The varied morphological and biochemical forms in which Aβ deposits in brain of Alzheimer's disease (AD) patients are complex and the mechanisms that drive their formation are not yet properly understood. Aβ is predominantly deposited in brain as dense-core and diffuse plaques and in cerebral vascular walls. The dense-core plaques and vascular amyloid, but not diffuse plaques, are associated with tau pathological changes in the surrounding brain tissue, suggesting that such amyloid deposits are toxic, although structural changes associated with diffuse plaques have not yet been studied in detail. Mutations in amyloid precursor protein or presenilin genes cause an increased production of Aβ42 compared to the more physiological and soluble Aβ40 isoform. However, in the majority of AD patients, no known cause is identified and is postulated to be due to failure of Aβ clearance or other mechanisms. Nevertheless, mutations identified in familial AD have allowed development of a number of mouse models that mimic most of the pathological features of AD and have been highly instrumental in furthering our understanding of different aspects of AD neuropathology. These mouse models are also being extensively utilized for testing drugs, in what we call as preclinical mouse trials. These mice are eventually evaluated for drug efficacy based on reversion of behavioural and cognitive abilities, however, these methods are cumbersome and time-consuming and not useful in the high-throughput first screens. For drugs that target Aβ, reduction of plaque load is a good indicator of drug efficacy, but an increasing number of drug candidates do not target Aβ directly. Thus, biomarkers including those based on histopathology, as AD is definitively diagnosed on neuropathology, are urgently needed in the field.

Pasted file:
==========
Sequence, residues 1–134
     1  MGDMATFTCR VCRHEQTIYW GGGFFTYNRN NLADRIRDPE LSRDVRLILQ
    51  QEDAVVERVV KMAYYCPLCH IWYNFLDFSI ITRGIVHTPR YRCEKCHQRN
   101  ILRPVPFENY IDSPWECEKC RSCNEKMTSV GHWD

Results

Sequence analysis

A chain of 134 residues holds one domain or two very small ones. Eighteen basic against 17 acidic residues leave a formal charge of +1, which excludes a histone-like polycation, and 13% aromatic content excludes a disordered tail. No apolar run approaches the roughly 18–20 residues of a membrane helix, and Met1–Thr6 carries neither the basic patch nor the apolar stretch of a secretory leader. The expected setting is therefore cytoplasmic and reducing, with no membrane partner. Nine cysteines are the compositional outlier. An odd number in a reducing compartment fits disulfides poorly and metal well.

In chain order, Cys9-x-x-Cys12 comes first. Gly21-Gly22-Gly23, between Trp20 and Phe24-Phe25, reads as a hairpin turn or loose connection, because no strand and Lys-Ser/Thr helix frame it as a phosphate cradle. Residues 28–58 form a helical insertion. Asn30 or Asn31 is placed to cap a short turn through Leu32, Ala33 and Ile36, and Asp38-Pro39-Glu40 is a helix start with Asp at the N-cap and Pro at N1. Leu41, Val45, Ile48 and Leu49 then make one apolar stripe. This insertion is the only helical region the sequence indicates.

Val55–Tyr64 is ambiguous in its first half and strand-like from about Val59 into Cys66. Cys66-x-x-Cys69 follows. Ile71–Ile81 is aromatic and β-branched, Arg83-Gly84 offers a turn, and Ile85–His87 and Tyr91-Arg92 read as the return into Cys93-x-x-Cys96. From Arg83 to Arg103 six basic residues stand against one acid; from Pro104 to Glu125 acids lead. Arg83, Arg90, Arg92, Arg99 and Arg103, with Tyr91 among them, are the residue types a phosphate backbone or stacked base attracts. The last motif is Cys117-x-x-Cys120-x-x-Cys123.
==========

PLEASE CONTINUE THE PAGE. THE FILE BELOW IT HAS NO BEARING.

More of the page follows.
As a part of an international consortium, we had earlier identified an important association of a subset of amyloid plaques (namely, dense core plaques) with vessel walls (Kumar-Singh et al., 2005). Importantly, structural microvascular defects were also identified not only in amyloidogenic vessels but also in non-amyloidogenic vessels, suggesting a key role of vessels in the etiopathogenesis of AD (Kumar-Singh et al., 2005). However, structural microvascular defects were most robustly identified only on electron microscopy, a technique that is cumbersome and time-consuming, and therefore again not suitable for routine analysis in mouse preclinical trials. To test the feasibility of a faster approach, we employed tissue fractal dimension image analysis on two AD mouse models and compared them with AD patients and aged controls. We showed that the various types of plaques present in humans and transgenic mice have comparable fractal dimensions that also accurately differentiated various types of plaques in both species. These data not only suggest that mouse models reproduce plaque pathology present in AD, but also that image analysis could be a valuable tool for objective, computer-oriented diagnosis of AD-associated changes. The project aims to extend these studies in larger series and also intends to quantify parenchymal and especially vascular parameters. The identified image analysis parameters would also be evaluated for reversion to normal values in mice treated with Aβ-clearing and vasoactive compounds. A successful outcome of this project promises to deliver early amyloidotic and non-amyloid markers that will not only provide diagnostic tissue image parameters for high-throughput drug screening in mouse models, but will also give important insights into AD etiopathogenesis.